By Teal Barmore
Deep in the waters of Prince William Sound; large, light gray-brown fish with blotches and spots on their sides, live out their life turning forage fish, crab, shrimp, and other invertebrates into the desirable white meat that makes Pacific cod the second largest fishery in the United States. These Prince William Sound fish are managed by the Alaska Department of Fish and Game as part of the Gulf of Alaska stock. This management strategy assumes that, like Pacific cod studied in other places, these cod migrate seasonally in and out of Prince William Sound, sharing genetics and population dynamics with the Gulf stock. No genetic or tagging studies had been done in Prince William Sound to confirm this, and based on studies of similar fjord environments, Science Center researcher Dr. Mary Anne Bishop suspected that the Prince William Sound population of cod may not always behave as this management strategy suggests. In December 2013, Mary Anne started a tagging project that would change everything we thought we knew about the migrations of the western Prince William Sound Pacific cod population.
Between research cruises in December 2013 and February and December 2014, Mary Anne’s team captured and tagged 123 cod in two bays in western Prince William Sound. Each bay was equipped with two lines of underwater acoustic receivers at the entrances to collect data on the fish’s movement in and out of the bays. The existing Ocean Tracking Network—six acoustic arrays situated at the major entrances to Prince William Sound—were utilized to detect further movement between Prince William Sound and the Gulf of Alaska. What the researchers found was interesting. Of the 111 tagged fish that survived more than 10 days after tagging, only two of them were detected at the Ocean Tracking Network arrays at the entrances to the Gulf of Alaska. Most of the fish did not even leave the bays that they were tagged in!
Of the small percentage of fish that did leave the bays, Mary Anne and her team were able to make some interesting observations. First, there was a correlation in size. It was the bigger fish that were venturing out of the bays into the Sound and from the Sound out to the Gulf. Secondly, their movements appeared to be migratory. The larger fish left their home bays during the summer and returned in the winter, leaving again right after spawning in the spring. This kind of partial migration is not unprecedented in cod and could be due to lower energy costs for movement of larger fish, or diet changes.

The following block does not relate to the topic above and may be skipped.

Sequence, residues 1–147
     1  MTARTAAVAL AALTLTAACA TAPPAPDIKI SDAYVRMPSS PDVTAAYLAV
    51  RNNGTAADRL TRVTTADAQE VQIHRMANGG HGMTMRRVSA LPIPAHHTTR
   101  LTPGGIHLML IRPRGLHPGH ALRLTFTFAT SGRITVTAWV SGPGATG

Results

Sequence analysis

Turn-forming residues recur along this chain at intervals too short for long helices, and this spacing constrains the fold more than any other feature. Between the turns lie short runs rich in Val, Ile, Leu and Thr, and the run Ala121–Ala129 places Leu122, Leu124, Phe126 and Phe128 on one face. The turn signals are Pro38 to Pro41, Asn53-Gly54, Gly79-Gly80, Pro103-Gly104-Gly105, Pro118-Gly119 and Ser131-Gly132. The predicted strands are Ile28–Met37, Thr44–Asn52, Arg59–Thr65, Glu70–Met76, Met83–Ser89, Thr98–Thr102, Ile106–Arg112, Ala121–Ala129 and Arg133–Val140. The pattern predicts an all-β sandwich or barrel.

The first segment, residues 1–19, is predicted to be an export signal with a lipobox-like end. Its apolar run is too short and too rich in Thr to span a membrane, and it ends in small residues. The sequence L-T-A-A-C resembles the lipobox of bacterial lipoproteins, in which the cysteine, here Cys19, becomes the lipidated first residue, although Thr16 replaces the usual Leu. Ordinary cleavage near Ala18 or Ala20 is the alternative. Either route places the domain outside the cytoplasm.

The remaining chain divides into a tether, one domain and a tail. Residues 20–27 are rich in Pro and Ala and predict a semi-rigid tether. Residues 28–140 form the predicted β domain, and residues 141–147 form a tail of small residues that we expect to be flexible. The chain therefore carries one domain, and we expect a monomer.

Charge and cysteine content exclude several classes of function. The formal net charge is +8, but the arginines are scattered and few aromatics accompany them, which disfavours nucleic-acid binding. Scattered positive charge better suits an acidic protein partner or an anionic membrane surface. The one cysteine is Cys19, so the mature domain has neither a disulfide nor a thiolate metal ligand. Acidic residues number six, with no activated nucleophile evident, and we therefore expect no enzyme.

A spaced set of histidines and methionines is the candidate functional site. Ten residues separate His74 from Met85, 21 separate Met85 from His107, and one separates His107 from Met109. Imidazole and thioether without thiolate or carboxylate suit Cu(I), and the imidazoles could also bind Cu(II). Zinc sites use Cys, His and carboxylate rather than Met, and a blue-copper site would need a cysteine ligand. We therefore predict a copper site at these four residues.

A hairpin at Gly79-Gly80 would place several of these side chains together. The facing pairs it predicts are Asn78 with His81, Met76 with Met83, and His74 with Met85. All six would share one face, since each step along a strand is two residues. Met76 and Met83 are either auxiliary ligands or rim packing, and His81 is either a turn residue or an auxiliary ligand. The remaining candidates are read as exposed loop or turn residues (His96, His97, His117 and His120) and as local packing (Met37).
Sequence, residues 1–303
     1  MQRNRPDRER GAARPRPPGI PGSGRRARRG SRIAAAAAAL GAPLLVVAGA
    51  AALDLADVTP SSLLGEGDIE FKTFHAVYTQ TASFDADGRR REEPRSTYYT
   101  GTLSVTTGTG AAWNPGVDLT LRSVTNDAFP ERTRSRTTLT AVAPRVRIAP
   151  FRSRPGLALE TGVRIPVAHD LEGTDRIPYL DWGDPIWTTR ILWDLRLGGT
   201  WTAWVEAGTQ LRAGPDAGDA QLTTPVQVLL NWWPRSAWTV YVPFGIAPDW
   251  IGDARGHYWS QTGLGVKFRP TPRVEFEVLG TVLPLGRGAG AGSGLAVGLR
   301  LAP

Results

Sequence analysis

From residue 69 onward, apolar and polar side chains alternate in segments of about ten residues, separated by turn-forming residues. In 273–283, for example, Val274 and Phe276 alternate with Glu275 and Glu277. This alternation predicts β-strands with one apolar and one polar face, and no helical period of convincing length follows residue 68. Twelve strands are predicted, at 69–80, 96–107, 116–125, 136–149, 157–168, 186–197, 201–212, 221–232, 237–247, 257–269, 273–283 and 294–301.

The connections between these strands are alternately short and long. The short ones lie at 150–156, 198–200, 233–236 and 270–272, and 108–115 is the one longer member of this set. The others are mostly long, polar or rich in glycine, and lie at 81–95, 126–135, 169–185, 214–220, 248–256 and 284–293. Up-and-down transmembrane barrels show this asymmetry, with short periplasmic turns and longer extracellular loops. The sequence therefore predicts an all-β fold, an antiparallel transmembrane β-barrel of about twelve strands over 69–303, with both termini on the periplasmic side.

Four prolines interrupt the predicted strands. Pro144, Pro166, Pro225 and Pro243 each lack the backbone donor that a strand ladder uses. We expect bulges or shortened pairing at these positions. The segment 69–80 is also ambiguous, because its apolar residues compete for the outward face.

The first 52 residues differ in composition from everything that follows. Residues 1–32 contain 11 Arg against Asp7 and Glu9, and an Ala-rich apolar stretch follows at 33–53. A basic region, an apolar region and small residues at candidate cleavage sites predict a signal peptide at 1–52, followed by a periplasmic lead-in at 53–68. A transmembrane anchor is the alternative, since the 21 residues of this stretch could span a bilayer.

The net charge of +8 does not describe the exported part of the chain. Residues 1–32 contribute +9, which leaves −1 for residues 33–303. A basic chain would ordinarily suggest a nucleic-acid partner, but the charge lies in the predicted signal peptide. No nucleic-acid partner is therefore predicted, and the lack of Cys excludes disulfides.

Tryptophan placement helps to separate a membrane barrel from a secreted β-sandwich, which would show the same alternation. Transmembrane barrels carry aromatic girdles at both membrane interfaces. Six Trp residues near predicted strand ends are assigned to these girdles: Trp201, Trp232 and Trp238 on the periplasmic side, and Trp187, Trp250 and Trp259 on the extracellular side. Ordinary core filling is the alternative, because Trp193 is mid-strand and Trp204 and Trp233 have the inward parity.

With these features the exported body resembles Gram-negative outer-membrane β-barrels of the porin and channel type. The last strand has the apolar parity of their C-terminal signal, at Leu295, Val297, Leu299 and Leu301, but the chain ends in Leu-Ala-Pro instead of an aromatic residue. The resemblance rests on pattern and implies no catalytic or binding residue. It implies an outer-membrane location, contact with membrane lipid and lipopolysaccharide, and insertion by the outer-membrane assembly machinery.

Other work by Mary Anne has suggested that there may be differences in migratory behavior within the Sound’s cod population. In contrast to the evidence from the western Sound, a pilot study for tagging cod in the eastern Sound detected two of three tagged fish at the Ocean Tracking Network array at Hinchinbrook Entrance. Tagging more cod in the western Sound along with genetic research would help determine if there are subpopulations within the Sound that explains the different migration behavior. Mary Anne hopes that further down the road funding will be available to learn more about the Prince William Sound cod population.
Scientific results from this study were published in the November 2018 issue of Canadian Journal of Fisheries and Aquatic Sciences in a paper titled “Evaluating Pacific cod migratory behavior and site fidelity in a fjord environment using acoustic telemetry”